Three Gods Riddle: Appease the 3 Alien Overlords of an Ancient Planet to Get Home Safely
A team has to use their wits and quick thinking to think of how best to escape from an ancient planet after crash landing on the planet and encouraging its menacing overlords.
A person and his team crash-landed on a strange ancient planet. The only way that they can survive is to appease the three alien overlords ruling the entire planet. The overlords are Tee, Eff, and Arr.
Unfortunately for the team, they cannot differentiate the overlords, making it harder to decipher how best to appease them. From an inscription, it is discovered that whoever wants to make it alive can ask the overlords questions, one question for each overlord.
These questions can only have two answers: yes or no. According to the inscription, the overlord named Tee always answers true, Eff always answers false, while the third overlord, Arr, gives random answers each time.
There is an even bigger problem for the team. They have deciphered the language enough to ask the overlords their three questions, but they have no idea which of the words, "ozo" and "ulu" mean yes and which one means no. The team is now stuck as they begin to wonder how they can differentiate the overlords.
Answer: At first, the riddle appears to be almost unsolvable. It seems that there really is no reason to ask the guys the three questions if the team does not even know the meanings of the words "ozo" and "ulu," of which either is supposed to mean yes or no. It is difficult, but not impossible.
First, the team can get around to not knowing the translations for "ozo" and "ulu" by including the words themselves in the questions that they post to the overlords.
If they begin by asking Eff, the overlords would answer "ulu" or no to the embedded question, so it would lie and say "ozo" instead.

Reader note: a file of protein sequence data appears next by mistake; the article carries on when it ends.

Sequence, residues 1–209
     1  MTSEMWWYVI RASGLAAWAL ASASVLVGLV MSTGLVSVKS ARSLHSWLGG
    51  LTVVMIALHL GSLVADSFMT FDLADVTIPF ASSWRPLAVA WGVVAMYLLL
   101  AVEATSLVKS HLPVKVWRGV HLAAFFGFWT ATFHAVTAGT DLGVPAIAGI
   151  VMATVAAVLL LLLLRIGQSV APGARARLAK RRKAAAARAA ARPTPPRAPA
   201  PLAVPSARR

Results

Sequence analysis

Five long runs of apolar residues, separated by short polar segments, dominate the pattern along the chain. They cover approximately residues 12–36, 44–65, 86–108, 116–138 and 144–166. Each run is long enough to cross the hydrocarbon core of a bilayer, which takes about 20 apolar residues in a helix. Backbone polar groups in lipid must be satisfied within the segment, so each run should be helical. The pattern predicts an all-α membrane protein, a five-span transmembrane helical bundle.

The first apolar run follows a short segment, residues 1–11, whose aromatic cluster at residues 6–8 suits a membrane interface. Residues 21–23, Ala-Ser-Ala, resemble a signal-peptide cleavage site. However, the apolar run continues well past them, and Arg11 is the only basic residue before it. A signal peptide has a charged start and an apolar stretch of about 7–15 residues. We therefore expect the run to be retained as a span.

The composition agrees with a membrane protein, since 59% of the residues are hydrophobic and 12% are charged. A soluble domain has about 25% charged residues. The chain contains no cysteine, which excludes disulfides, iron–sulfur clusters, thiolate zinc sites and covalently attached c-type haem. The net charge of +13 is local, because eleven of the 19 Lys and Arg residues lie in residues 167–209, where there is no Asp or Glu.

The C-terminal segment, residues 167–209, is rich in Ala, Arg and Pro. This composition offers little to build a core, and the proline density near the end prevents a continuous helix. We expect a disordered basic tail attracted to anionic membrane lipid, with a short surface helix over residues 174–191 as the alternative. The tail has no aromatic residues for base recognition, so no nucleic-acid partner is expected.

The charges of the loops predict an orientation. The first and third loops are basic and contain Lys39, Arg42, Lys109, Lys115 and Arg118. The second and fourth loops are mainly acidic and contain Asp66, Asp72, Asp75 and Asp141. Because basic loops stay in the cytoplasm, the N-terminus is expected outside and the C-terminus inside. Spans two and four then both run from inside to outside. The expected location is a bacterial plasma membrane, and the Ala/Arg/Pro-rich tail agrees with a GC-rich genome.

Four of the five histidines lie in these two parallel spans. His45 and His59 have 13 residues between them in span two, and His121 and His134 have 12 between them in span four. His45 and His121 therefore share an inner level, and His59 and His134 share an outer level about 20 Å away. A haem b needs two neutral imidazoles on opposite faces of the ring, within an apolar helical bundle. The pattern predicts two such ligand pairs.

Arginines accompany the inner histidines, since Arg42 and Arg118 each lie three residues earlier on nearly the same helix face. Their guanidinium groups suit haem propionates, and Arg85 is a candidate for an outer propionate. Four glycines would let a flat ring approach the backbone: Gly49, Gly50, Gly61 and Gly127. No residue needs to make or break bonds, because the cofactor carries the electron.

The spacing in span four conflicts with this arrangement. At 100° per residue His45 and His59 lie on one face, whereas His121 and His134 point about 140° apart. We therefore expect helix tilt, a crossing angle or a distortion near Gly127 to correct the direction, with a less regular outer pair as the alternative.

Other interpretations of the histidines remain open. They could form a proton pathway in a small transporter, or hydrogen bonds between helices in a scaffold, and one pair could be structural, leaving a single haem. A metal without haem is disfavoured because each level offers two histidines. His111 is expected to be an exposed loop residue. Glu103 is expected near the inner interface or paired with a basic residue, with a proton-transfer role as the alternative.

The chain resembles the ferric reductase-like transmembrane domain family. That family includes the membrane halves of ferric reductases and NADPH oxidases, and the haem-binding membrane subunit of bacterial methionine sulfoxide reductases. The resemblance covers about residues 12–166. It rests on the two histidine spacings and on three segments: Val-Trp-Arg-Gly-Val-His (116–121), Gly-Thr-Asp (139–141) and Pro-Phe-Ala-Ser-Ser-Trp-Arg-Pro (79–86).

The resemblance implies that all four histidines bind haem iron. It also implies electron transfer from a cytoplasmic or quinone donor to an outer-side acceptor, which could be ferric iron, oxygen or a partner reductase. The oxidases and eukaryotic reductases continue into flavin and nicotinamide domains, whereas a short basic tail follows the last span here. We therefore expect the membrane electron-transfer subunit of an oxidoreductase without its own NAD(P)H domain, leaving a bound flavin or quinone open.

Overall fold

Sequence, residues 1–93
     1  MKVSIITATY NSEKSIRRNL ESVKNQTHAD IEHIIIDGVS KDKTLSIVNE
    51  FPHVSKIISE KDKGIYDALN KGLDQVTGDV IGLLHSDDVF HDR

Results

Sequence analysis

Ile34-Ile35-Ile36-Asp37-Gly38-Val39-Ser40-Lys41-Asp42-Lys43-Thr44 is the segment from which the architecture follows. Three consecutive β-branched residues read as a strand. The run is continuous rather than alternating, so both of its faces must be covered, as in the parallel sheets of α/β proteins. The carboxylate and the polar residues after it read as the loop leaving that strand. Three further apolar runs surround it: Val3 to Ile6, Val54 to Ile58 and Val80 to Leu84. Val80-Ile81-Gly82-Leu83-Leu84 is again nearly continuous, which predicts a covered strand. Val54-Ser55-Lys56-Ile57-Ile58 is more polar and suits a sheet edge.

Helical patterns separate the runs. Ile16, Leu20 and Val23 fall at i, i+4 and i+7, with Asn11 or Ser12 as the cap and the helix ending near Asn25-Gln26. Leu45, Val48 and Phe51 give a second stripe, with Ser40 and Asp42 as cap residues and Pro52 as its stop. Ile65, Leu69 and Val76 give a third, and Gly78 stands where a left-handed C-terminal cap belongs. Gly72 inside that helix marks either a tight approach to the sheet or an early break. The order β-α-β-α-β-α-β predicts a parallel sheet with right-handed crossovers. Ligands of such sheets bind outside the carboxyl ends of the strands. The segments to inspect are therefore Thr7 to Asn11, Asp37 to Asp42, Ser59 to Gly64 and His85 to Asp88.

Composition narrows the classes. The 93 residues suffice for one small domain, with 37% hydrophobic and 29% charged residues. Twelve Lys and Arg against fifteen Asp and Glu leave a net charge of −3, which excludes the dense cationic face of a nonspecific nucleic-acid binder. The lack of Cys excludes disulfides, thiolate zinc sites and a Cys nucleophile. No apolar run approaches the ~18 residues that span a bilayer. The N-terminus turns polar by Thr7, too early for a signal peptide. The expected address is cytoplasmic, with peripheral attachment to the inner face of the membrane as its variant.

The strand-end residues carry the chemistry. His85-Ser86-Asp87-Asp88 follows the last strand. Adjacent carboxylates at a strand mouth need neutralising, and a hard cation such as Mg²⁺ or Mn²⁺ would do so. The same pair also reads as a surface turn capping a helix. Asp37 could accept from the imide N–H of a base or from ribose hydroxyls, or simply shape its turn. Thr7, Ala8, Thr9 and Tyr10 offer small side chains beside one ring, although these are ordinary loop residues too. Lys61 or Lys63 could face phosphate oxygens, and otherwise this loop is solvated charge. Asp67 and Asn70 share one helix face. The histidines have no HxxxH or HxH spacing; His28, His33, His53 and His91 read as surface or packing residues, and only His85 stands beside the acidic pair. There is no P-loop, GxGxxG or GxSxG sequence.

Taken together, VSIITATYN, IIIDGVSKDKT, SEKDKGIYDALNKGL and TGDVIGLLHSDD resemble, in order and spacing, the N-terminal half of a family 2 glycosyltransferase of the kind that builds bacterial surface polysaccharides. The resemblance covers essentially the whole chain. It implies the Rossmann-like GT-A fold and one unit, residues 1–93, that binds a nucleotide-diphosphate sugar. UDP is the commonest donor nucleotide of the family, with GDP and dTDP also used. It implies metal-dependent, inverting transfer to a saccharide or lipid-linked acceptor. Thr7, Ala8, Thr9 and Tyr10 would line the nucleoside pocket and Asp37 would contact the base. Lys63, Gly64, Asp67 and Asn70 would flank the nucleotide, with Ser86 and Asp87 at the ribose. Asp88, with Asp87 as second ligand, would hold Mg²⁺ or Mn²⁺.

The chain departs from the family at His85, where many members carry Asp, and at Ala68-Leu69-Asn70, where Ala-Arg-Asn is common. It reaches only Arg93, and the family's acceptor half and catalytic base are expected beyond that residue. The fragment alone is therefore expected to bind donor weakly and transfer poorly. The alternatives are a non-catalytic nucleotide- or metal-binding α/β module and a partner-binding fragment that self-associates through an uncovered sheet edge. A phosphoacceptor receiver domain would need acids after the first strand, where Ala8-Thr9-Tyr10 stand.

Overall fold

If "ozo" actually translates to no, then the answer to the embedded question is "ulu." Both Tee and Eff still reply, "ozo." This works because of logical structure and reasoning. A double-positive and a double negative both result in a positive.
Now that they both know that asking either Tee or Eff in this manner will yield "ozo" if the hypothetical question is true, "ulu" is false regardless of what it truly means.
This logic helps with Tee and Eff but not with Arr. First, they must ask the aliens in the middle the first question which goes:
"If I asked you whether the overlord on my left is Arr, would you answer 'ozo'?"
If the overlord answers "ozo," there are two possibilities. The overlord speaking could be Arr, in which case, his answer would not matter. If it is not Arr, getting "ozo" from either Tee or Eff means that the hypothetical question was correct, and the left overlord is truly Arr.
If the answer is "ulu," then the alien on the left cannot be Arr. After determining that the alien on the left is not Arr, he can ask him a question:
"If I asked 'are you Eff?' would you answer 'ozo'?"
Either answer will establish the alien's identity, and after they now figure out that its answers are true or false, they can ask the aliens at the center if he is Arr.
The elimination process will reveal the identity of the okay overlord, and with that, the overlords will be forced to fix the team's spaceship and let them go.
To read a joke about an atheist that went fishing, click here.